New offerings and revamping production lines both imply changes to and/or investment in automation technology. They also would seem to indicate an additional need for training. This sets up a paradox in which the solutions chemicals firms are pursuing to address their top challenges are subject to the same forces that create those challenges.
Where are Chemicals Producers Spending?
Spending on automation is definitely on the rise, with only 17% of survey participants indicating a decline in either opex or capex in 2017. Most saw both categories rising or holding steady. In terms of what’s on companies’ shopping lists, there was no clear leader or group of technologies that rose above the rest. The top five responses were:
- 43% DCS
- 44% PLCs
- 36% Wireless
- 39% Online instrumentation
- 32% VFDs
Anticipated investments varied widely, however, depending on company size. Respondents working at large firms anticipated spending across the board but mostly on DCS and PLCs. Medium size firms showed a stronger focus on DCS with 60% saying they would buy the technology. This might indicate a sense among second-tier firms that a DCS is essential to support the growth needed to join the top tier whereas larger players perhaps have already made investments in DCS and are now looking to expand system capability, throughput or integration.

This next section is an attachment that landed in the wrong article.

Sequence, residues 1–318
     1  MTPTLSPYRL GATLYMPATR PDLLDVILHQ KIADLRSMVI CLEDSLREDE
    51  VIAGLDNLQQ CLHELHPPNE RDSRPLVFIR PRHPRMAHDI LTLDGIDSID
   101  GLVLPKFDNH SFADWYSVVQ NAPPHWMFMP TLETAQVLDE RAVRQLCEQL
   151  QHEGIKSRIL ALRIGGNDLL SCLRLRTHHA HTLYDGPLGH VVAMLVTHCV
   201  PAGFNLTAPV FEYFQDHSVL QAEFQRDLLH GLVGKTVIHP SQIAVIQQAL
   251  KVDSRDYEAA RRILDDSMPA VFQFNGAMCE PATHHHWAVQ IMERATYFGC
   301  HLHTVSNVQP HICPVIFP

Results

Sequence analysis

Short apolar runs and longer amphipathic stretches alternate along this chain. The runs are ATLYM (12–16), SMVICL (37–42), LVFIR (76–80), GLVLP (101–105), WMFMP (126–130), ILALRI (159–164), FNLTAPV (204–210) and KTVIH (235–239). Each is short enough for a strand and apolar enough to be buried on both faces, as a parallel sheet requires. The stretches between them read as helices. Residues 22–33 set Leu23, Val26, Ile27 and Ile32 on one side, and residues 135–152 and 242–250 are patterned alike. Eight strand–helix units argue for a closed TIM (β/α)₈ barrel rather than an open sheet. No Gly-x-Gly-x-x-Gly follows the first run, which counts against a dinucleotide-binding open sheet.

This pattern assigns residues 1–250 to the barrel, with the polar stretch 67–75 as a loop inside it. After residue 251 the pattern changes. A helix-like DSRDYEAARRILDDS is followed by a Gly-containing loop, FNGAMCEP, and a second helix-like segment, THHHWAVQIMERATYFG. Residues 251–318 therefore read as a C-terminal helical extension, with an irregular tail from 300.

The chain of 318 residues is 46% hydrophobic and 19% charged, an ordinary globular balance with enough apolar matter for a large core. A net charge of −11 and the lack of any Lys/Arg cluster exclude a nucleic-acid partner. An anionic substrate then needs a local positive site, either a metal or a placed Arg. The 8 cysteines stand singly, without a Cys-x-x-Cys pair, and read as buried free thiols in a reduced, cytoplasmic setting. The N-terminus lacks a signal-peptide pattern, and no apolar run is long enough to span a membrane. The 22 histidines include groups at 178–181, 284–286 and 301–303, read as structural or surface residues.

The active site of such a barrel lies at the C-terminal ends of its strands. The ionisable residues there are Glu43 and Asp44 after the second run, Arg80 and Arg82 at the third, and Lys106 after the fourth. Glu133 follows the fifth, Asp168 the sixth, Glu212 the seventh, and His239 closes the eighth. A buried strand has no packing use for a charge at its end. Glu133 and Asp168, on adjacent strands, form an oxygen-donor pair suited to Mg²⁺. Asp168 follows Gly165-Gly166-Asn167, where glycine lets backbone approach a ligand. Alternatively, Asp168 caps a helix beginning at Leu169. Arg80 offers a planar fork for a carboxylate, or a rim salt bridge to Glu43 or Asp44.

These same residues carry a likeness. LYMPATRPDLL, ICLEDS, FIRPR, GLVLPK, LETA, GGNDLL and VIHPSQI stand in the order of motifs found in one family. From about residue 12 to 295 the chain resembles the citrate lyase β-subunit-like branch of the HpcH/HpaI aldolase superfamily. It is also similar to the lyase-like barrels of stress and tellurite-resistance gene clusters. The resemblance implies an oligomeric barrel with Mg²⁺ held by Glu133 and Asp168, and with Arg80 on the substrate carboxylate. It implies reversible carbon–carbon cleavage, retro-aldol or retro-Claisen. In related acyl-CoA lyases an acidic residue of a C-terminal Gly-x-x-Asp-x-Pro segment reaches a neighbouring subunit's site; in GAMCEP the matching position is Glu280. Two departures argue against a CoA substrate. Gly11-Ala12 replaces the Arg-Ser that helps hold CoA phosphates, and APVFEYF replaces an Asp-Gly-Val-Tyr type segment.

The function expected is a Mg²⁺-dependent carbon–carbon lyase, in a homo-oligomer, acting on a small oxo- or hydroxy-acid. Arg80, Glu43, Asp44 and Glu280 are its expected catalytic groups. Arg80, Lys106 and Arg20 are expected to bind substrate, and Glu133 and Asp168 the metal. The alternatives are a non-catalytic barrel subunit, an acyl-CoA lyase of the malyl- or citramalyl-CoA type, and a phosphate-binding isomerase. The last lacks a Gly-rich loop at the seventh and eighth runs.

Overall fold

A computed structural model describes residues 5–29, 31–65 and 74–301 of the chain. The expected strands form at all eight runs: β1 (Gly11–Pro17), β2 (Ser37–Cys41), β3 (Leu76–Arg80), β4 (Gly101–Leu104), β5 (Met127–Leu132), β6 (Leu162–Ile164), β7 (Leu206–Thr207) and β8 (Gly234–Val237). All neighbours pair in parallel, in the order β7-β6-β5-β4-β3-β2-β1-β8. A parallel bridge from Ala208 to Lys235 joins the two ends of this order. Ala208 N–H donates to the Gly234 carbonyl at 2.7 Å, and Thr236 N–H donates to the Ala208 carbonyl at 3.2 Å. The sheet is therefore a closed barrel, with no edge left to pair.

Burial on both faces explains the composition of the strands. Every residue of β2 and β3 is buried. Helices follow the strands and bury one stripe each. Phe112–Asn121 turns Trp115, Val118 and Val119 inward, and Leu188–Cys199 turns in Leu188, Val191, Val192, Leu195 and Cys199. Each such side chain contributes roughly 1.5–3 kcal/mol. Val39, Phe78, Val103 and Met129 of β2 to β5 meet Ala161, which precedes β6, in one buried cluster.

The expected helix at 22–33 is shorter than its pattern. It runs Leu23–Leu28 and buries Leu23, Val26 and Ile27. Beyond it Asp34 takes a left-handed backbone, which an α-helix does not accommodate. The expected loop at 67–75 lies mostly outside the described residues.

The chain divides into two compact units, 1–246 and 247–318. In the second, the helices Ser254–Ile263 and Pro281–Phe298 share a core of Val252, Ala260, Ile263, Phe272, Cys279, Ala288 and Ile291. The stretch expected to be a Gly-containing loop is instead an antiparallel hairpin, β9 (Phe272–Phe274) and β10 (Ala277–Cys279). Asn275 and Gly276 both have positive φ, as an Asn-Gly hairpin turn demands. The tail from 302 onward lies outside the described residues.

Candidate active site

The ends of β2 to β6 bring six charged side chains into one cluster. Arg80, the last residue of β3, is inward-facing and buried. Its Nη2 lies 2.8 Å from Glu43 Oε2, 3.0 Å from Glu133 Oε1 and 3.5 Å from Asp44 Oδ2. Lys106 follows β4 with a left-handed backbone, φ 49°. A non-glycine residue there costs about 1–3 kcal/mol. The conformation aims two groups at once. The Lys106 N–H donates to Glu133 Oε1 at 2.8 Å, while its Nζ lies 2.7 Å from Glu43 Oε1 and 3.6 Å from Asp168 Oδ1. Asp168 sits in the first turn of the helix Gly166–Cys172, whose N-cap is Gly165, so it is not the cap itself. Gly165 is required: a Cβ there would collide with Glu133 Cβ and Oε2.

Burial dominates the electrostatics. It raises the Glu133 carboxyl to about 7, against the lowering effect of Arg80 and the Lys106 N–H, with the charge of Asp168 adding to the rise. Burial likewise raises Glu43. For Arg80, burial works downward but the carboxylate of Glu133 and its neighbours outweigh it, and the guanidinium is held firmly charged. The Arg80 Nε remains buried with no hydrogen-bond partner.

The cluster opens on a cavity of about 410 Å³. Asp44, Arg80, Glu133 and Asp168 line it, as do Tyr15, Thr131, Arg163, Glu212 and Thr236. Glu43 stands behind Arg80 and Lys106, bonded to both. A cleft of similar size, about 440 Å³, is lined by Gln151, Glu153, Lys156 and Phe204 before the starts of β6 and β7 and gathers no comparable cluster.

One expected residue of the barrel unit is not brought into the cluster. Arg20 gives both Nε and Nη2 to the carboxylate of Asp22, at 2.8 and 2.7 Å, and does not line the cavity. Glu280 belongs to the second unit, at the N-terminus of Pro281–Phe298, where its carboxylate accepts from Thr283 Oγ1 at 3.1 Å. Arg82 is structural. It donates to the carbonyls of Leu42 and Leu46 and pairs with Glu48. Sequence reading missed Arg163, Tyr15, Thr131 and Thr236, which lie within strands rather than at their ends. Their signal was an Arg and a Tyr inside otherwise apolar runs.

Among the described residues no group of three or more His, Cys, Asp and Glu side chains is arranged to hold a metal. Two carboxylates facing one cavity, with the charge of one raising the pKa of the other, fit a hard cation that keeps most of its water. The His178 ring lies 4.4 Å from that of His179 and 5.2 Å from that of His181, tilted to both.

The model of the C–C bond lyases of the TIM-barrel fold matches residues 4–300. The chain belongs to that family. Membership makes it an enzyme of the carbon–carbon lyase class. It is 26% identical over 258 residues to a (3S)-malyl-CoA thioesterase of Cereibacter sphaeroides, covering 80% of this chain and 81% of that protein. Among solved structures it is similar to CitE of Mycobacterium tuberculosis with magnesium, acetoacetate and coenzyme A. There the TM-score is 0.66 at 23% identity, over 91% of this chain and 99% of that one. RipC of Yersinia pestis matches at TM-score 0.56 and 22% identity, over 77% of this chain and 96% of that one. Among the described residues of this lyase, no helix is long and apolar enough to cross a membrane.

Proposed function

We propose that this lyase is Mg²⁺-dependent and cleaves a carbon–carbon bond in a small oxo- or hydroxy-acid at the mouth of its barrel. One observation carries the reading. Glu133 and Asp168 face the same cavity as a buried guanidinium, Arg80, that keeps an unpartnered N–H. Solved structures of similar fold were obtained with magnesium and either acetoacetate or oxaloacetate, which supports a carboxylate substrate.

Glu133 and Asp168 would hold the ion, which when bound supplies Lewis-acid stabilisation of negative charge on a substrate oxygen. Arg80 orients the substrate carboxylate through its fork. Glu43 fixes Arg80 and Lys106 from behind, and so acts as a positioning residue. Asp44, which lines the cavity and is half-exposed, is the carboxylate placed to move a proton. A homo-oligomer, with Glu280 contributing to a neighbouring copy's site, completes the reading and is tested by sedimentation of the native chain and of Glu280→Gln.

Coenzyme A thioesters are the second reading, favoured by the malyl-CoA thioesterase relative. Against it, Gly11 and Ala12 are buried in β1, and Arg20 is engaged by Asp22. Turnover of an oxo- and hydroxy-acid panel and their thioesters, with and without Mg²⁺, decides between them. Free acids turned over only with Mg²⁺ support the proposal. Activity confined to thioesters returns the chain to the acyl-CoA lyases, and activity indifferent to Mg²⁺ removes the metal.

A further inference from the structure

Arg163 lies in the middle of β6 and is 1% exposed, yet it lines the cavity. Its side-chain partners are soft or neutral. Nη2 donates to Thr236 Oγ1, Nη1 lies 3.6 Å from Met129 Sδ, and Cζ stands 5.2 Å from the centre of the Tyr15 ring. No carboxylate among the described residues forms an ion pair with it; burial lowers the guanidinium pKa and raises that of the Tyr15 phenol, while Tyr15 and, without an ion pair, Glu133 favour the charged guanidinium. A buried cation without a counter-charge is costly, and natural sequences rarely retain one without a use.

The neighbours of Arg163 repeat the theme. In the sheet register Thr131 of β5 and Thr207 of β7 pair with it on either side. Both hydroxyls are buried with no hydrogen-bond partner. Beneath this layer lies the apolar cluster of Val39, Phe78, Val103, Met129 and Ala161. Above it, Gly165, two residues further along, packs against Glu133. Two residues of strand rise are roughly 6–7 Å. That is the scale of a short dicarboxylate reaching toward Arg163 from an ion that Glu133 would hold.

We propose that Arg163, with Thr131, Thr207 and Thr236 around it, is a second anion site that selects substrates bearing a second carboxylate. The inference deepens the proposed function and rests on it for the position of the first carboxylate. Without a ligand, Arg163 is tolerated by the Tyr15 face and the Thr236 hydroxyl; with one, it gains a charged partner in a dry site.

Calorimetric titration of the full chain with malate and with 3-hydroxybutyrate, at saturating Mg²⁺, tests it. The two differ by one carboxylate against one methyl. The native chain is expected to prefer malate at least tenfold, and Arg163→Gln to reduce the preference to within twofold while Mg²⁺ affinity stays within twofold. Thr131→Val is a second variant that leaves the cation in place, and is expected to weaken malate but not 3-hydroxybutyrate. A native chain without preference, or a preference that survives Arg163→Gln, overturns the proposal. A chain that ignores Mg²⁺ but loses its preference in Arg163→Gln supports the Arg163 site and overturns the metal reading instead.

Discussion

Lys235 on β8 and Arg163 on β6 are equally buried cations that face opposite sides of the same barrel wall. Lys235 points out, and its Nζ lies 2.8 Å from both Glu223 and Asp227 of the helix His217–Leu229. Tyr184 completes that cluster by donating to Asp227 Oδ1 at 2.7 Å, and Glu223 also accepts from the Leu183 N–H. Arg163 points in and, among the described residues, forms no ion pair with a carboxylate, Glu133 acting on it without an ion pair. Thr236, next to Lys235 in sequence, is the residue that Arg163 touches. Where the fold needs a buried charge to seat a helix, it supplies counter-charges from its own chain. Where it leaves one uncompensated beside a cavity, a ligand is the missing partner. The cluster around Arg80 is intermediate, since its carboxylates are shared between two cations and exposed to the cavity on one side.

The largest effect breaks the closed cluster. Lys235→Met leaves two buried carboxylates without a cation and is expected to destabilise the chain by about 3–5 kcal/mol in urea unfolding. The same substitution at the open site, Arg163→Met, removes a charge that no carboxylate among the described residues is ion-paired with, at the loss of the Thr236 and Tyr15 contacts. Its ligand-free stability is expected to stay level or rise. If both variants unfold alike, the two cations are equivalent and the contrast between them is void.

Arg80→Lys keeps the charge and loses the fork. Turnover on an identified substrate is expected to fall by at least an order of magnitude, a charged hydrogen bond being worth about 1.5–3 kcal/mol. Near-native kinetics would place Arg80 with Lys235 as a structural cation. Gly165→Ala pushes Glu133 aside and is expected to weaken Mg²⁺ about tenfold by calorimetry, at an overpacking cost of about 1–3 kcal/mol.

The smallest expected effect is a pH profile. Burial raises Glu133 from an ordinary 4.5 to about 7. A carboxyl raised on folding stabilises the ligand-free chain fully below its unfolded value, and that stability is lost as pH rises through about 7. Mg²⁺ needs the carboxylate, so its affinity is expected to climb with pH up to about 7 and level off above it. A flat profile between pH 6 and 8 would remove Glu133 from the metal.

Interestingly, the small-mid category had by far the most anticipated investment in terms of volume if not dollar value. A whopping 71% expect to invest in PLCs in the next 18 months, with strong majorities anticipating investments in online instrumentation and variable frequency drives as well. In fact, small-mid companies are set to make more individual investments than their competitors, whether large or small, in each of the top five categories listed above, save only for DCS.
Among small firms, no technology drew a majority of respondents with the top choices being PLCs and DCS.
The Future: Bright but Unclear
As noted earlier, survey respondents across the board see a bright future, and they also seem to appreciate the vital role automation will play in it. Asked to react to the statement “plant automation has a decisive influence on our profitability,” 79% indicated they agree or strongly agree. Only 6% disagreed.
However, this optimistic view is clouded by the fact that a significant minority (40%) of respondents did not agree that they were “confident and knowledgeable about our place in world of automation.” Why are so many industry professionals at best unsure about their company’s ability to realize value from investments in automation? Look no further than their own experience.